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East Side, West Side (1949)

A vain businessman puts strains on his happy marriage to a rich, beautiful socialite by allowing himself be be seduced by a former girlfriend.

Director:

Mervyn LeRoy

Writers:

Isobel Lennart (screenplay), Marcia Davenport (novel)
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Cast

Complete credited cast:
Barbara Stanwyck ... Jessie Bourne
James Mason ... Brandon Bourne
Van Heflin ... Mark Dwyer
Ava Gardner ... Isabel Lorrison
Cyd Charisse ... Rosa Senta
Nancy Reagan ... Helen Lee (as Nancy Davis)
Gale Sondergaard ... Nora Kernan
William Conrad ... Police Lt. Jake Jacobi
Raymond Greenleaf ... Horace Elcott Howland
Douglas Kennedy ... Alec Dawning
Beverly Michaels ... Felice Backett
William Frawley ... Bill the Bartender
Lisa Golm Lisa Golm ... Josephine - Maid
Tom Powers ... Owen Lee
Rest of cast listed alphabetically:
Jane Howard Jane Howard ... Model
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Storyline

Brandon and Jessie Bourne have a long, apparently happy marriage. Several years earlier Brandon had had an affair with a younger woman, Isabel Lorrison, who's now returned to New York intending to re-kindle the relationship. Meanwhile, Jessie is attracted to Mark Dwyer, a former policeman-turned-writer just arrived from a secret mission in Italy. Written by Mattias Thuresson

Plot Summary | Add Synopsis

Taglines:

I was married to a man other women pursued!

Genres:

Drama | Romance

Certificate:

Passed | See all certifications »
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Details

Country:

USA

Language:

English

Release Date:

21 July 1950 (Australia) See more »

Also Known As:

Mundos Opostos See more »

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Box Office

Budget:

$1,754,000 (estimated)

Gross USA:

$1,518,000, 31 December 1949

Cumulative Worldwide Gross:

$2,540,000, 31 December 1949
See more on IMDbPro »

Company Credits

Production Co:

Metro-Goldwyn-Mayer (MGM) See more »
Show more on IMDbPro »

Technical Specs

Runtime:

Sound Mix:

Mono (Western Electric Sound System)

Aspect Ratio:

1.37 : 1
See full technical specs »
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Did You Know?

Trivia

Gale Sondergaard, who plays Barbara Stanwyck's mother in this film, was 50 years old when it was produced. Stanwyck was 42. See more »

Goofs

When Isabel takes Brandon back to her apartment after unexpectedly popping into his office, one can hear her putting ice into glasses as she fixes drinks. But subsequently no ice is seen in either of their glasses. See more »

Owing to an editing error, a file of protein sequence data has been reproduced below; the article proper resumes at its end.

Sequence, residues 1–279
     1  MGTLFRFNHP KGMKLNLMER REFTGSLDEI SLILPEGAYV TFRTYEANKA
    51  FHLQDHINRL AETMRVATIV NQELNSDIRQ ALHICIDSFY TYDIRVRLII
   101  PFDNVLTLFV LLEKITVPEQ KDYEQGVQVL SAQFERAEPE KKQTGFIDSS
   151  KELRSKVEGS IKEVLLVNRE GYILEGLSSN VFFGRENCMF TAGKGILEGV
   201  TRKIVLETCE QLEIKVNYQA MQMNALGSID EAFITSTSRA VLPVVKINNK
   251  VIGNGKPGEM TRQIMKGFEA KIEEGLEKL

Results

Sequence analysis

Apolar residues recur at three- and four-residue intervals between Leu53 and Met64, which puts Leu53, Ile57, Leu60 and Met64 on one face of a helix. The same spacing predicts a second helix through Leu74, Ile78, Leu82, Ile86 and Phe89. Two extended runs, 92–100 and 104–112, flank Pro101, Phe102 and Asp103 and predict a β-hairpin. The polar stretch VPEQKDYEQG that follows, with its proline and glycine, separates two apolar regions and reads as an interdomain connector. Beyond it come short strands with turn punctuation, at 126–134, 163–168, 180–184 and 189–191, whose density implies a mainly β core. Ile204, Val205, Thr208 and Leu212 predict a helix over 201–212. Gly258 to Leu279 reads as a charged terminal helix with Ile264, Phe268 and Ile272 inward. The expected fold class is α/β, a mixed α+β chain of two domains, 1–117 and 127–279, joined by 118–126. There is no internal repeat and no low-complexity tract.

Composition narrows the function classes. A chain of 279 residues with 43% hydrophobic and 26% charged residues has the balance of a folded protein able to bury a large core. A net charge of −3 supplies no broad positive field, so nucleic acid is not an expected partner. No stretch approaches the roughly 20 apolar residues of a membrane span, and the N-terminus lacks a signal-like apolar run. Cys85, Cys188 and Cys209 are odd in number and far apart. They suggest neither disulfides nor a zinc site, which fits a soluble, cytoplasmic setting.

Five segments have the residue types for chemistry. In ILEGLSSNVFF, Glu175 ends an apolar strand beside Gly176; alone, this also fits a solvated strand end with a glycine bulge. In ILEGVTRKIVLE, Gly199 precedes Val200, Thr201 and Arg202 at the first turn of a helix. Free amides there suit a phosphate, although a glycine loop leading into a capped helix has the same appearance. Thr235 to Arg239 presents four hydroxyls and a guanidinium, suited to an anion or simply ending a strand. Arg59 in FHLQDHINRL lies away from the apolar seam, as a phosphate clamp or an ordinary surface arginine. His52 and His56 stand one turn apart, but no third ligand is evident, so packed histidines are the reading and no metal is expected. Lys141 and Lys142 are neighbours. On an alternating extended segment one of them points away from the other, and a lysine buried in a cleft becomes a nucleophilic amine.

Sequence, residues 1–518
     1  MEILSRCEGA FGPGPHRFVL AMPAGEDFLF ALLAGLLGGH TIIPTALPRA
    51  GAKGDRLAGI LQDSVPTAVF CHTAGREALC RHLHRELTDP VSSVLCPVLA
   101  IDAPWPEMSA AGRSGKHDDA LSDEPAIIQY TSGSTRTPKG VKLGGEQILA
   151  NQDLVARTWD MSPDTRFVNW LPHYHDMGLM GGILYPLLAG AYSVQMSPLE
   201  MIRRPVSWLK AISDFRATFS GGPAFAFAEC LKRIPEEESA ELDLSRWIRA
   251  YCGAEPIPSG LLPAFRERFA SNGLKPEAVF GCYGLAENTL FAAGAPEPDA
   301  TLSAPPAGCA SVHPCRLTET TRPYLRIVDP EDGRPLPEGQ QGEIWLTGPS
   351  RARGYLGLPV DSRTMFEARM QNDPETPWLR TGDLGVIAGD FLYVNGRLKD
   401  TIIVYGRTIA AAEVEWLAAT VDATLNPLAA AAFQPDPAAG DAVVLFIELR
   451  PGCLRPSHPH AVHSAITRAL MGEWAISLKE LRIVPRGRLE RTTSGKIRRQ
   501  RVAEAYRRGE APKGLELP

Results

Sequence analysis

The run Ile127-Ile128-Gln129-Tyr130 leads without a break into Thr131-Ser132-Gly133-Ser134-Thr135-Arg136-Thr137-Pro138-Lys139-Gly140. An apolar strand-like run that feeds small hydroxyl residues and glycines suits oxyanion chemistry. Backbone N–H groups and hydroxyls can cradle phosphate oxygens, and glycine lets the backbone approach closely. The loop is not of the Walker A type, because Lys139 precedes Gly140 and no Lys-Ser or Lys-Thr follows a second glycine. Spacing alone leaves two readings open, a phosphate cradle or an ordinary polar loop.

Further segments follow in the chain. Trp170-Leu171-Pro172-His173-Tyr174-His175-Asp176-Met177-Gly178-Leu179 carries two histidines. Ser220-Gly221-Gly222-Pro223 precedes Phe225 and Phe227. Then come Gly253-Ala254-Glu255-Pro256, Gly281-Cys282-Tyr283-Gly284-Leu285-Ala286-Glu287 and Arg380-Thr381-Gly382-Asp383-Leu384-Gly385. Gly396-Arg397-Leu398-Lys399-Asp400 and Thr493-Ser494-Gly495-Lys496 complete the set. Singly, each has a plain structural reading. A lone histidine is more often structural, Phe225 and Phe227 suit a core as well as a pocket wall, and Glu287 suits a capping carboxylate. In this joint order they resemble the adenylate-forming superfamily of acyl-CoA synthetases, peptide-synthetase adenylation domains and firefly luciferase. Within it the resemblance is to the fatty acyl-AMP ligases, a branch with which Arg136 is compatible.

Quotes

[first lines]
Jessie Bourne: Yes, this is my town. It's not new to you. You're read books about it. You've seen it in movies. People are always talking about New York. It's the most exciting city in the world, they say. The most glamorous, the most frightening and, above all, the fastest. You hear a great deal about the tempo of this city, it's speed, it's pace, it's driving heartbeat. Perhaps, it's true - for visitors. But, I was born here. I live here. And the only pace I know is the pace of my own life. The...
See more »

Connections

References The Seventh Victim (1943) See more »

Soundtracks

Blue Moon
(1934) (uncredited)
Music by Richard Rodgers
Lyrics by Lorenz Hart
Played at Lee party
See more »

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User Reviews

 
Likable melodrama
12 July 2003 | by rjhughes2See all my reviews

Stanwyck and Heflin have a palpable chemistry here, and Ava Gardner is a most alluring vixen. Cyd Charisse is a delectable ingenue (and a tall drink of water), while Gale Sondergaard is hilarious as a hard-bitten, hoydenish Amazon floozie. Stanwyck is playing about 10 years younger than her actual age (her film mother admits to being 55, when Stanwyck is in her early forties here, and while still handsome, she does look her age).

Mervyn Leroy did a nice job of combining the noir/woman's-picture genres, though its ennoblement of Stanwyck robs her of her strengths as a no-nonsense woman, good or bad. Her scene with Gardner is a standout -- both actresses are well matched; Gardner's feline beauty and laissez-faire romantic approach nicely complements Stanwyck's humane fatalism -- and Stanwyck and Van Heflin are an appealing couple. Mason is rather a chump, however -- he seems to be underplaying to the point of lethargy, though his handsome charm surfaces here and there; yet he and Stanwyck, though matched in terms of age (she was younger by a couple of years) are not the type for each other; he doesn't suit her, screen-wise. Heflin's naturalism -- a performance of great charm and likability -- is more suited to Stanwyck's style and one longs for them to get together. Great use of sets to evoke New York, teeming with nightlife, and Leroy always had a knack for directing extras so that the city scenes seem peopled with real lives rather than populated with stand-ins. Costumes, though late 1940s, seem a bit recherche, as if the designer hadn't left the 1930s, with the women's gowns too ornate for such a sophisticated post-war milieu.

Not a great picture by any means, but a highly enjoyable one; a viewer wishes the director and screenwriter -- the talented Isobel Lennart, who later wrote "Two for the Seesaw," among many others -- had trusted more in the chemistry between Heflin and Stanwyck, and discarded some of the Marcia Davenport source material, juicy as it must have been. This is from Stanwyck's late-1940s string of women's flicks, which did not play to her strengths. But middling Stanwyck is usually better than anyone else's best. And the underrated Van Heflin is worth rooting for, too.


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